Telus Corp. (TSX:T) is increasing its quarterly dividend following a surge in third-quarter earnings, which were helped by sharp growth in revenue from smartphone data services at its wireless division.

Smartphone customers, using the Internet, watching video and sending emails, drove up wireless data revenue by 23 per cent and pushed up the wireless division's overall revenue by seven per cent.

Telus increased its dividend by three cents to 64 cents per share to be paid on Jan. 2 to shareholders of record on Dec. 11.

"We look forward to continuing to deliver strong operational and financial results to support the realisation of our dividend growth ambitions through our 2013 commitment and beyond," Telus CEO Darren Entwistle said in a news release.

The Vancouver-based telecom company said Friday that its third-quarter net income rose eight per cent to $351 million or $1.07 per diluted share. That's up from $325 million or $1 per diluted share in the same 2011 quarter.

Overall revenue rose 5.8 per cent to $2.77 billion from just over $2.6 billion in the third quarter of 2011. About $102 million of the increase was from wireless data services, which accounted for $540 million in the quarter.

Analysts estimates compiled by Thomson Reuters called for revenue of $2.74 billion.

Blended average revenue per user in the wireless division increased by 90 cents, or 1.5 per cent, to $61.42 a month.

Telus said it attracted 116,000 net new postpaid wireless customers in its third quarter, usually on lucrative three-year smartphone contracts.

By comparison, Bell (TSX:BCE) previously reported it had 149,000 net new wireless postpaid subscribers in its third quarter and Rogers (TSX:RCI.B) had 76,000.

Wireline revenue, which includes TV, Internet and traditional phone services, grew by four per cent to $1.27 billion.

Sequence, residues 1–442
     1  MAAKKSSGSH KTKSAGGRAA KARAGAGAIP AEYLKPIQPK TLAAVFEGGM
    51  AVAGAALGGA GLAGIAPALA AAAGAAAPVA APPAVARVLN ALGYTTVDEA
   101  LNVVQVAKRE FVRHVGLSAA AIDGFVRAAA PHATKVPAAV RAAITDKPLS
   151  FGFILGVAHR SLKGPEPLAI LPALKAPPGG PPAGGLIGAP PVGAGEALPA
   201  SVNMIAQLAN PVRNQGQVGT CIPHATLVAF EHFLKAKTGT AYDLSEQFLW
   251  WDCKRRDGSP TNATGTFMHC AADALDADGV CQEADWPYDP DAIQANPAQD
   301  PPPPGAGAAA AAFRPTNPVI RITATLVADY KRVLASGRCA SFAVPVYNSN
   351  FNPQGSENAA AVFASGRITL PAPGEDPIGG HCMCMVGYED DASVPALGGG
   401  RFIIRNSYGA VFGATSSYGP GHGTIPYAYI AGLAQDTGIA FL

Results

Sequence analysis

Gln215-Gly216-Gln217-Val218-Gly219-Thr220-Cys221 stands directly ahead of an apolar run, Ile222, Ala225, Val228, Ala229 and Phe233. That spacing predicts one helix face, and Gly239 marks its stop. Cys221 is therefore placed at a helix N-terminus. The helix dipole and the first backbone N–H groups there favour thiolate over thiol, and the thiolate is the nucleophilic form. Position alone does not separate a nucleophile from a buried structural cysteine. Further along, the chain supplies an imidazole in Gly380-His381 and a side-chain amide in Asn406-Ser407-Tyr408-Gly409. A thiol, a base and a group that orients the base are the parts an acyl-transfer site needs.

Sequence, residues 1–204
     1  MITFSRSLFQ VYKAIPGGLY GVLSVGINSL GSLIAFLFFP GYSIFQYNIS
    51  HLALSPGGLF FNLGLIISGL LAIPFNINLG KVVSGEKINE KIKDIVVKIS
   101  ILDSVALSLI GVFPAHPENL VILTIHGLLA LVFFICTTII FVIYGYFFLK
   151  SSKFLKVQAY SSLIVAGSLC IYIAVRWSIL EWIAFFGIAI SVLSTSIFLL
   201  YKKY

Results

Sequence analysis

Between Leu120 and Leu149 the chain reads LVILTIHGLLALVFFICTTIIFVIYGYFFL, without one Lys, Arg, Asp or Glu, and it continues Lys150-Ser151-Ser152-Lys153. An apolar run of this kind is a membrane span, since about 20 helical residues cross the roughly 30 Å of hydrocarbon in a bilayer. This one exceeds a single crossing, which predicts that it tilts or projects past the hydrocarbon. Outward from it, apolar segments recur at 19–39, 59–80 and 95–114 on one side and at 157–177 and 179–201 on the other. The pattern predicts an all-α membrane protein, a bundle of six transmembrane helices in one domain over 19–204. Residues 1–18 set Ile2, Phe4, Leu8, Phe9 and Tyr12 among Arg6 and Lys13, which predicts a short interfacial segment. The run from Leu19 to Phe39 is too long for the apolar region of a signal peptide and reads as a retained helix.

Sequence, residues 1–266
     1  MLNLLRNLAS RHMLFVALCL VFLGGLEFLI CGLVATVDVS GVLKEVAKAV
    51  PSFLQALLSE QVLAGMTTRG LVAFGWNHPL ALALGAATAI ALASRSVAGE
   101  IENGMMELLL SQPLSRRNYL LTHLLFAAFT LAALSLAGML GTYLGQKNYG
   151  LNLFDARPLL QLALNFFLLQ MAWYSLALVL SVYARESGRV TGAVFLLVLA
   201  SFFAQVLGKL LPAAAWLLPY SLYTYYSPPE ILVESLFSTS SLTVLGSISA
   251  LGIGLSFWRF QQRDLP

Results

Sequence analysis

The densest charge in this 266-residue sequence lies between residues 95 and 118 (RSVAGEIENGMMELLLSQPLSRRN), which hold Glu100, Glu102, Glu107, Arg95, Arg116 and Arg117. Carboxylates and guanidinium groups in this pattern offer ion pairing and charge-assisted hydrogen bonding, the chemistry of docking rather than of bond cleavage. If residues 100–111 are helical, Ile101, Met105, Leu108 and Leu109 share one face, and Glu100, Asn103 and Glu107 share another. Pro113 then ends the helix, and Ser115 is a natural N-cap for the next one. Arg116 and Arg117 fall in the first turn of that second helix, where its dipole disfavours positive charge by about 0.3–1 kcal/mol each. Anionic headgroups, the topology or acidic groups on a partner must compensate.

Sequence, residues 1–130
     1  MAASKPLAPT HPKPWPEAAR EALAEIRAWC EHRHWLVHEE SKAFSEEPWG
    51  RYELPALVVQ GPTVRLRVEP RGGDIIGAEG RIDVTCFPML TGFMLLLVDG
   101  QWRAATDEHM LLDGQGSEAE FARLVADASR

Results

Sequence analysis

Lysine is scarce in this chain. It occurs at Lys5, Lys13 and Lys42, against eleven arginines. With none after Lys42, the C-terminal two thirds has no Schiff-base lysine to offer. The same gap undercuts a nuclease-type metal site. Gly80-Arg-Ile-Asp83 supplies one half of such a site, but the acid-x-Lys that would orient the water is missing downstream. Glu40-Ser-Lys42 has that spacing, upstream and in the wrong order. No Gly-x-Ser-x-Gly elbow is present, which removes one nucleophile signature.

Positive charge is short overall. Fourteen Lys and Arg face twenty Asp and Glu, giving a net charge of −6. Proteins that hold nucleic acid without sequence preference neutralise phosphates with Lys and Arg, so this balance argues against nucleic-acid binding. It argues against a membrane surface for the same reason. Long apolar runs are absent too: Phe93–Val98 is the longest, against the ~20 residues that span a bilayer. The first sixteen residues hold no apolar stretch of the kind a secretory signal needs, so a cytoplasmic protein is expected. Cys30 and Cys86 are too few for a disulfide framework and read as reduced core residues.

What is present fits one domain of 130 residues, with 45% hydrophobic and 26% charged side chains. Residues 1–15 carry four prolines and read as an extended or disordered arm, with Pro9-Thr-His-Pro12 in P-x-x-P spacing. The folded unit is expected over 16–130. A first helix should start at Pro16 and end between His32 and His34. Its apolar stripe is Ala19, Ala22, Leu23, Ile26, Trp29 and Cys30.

Telus added 42,000 new TV customers, down 8,000 year-over-year.

The total number of Telus TV subscribers increased 41 per cent to 637,000, up by 184,000 from a year ago.

Telus had net additions of 26,000 customers for its high-speed Internet, 18 per cent higher than the same quarter in 2011. The company has 1.3 subscribers for its high-speed Internet, up seven per cent year-over-year.

Total network access lines declined 5.3 per cent from a year ago to 3.45 million.

Residential lines are down 7.7 per cent year-over-year, reflecting ongoing competition and wireless and Internet substitution.

Telus will have a single class of shares after shareholders voted strongly in favour of the idea last month, defeating a U.S. hedge fund's attempt to get a premium for holders of the company's voting shares.

The Vancouver-based telecom and New York's Mason Capital Management battled for months over the company's one-for-one share conversion plan with no premium.

Entwistle has slammed the hedge fund for what he called its "empty voting" tactics and said Telus would push for regulatory change to prevent that in future.

Telus also opposed rival Bell's friendly takeover of Astral Media, saying it would control too much of the English-language television market.

The CRTC recently killed the $3.4-billion takeover, saying it wasn't in the best interests of Canadians.

Telus is the only major telecom company in Canada that doesn't own media or television assets for content to put on the mobile devices its sells.

Telus said its chief financial officer Robert McFarlane will retire at the end of the year after 12 years with the company.

He will be replaced by John Gossling effective January 1 after a transition period. Gossling was CFO of CTVglobemedia from 2008 to 2011.

Shares in Telus were up 67 cents to $64.20 in early morning trading on the Toronto Stock Exchange.